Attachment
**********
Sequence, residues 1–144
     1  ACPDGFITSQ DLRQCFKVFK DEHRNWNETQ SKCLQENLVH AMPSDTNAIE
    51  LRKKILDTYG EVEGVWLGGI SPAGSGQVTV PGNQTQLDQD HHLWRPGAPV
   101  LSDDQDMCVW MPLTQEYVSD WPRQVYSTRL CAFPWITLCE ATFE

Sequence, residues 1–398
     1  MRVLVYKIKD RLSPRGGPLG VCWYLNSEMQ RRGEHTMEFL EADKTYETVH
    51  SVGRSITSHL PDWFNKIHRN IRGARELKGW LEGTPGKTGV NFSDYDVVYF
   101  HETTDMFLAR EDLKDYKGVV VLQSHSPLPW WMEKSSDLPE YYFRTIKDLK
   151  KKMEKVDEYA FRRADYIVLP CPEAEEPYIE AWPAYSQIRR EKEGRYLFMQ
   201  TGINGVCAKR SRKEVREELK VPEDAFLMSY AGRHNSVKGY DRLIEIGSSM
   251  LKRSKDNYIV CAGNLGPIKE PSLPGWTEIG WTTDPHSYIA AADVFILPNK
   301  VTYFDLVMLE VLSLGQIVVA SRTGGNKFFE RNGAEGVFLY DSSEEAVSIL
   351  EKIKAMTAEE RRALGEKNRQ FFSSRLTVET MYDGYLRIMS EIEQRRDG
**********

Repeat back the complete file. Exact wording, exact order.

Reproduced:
Sequence, residues 1–144
     1  ACPDGFITSQ DLRQCFKVFK DEHRNWNETQ SKCLQENLVH AMPSDTNAIE
    51  LRKKILDTYG EVEGVWLGGI SPAGSGQVTV PGNQTQLDQD HHLWRPGAPV
   101  LSDDQDMCVW MPLTQEYVSD WPRQVYSTRL CAFPWITLCE ATFE

Sequence, residues 1–398
     1  MRVLVYKIKD RLSPRGGPLG VCWYLNSEMQ RRGEHTMEFL EADKTYETVH
    51  SVGRSITSHL PDWFNKIHRN IRGARELKGW LEGTPGKTGV NFSDYDVVYF
   101  HETTDMFLAR EDLKDYKGVV VLQSHSPLPW WMEKSSDLPE YYFRTIKDLK
   151  KKMEKVDEYA FRRADYIVLP CPEAEEPYIE AWPAYSQIRR EKEGRYLFMQ
   201  TGINGVCAKR SRKEVREELK VPEDAFLMSY AGRHNSVKGY DRLIEIGSSM
   251  LKRSKDNYIV CAGNLGPIKE PSLPGWTEIG WTTDPHSYIA AADVFILPNK
   301  VTYFDLVMLE VLSLGQIVVA SRTGGNKFFE RNGAEGVFLY DSSEEAVSIL
   351  EKIKAMTAEE RRALGEKNRQ FFSSRLTVET MYDGYLRIMS EIEQRRDG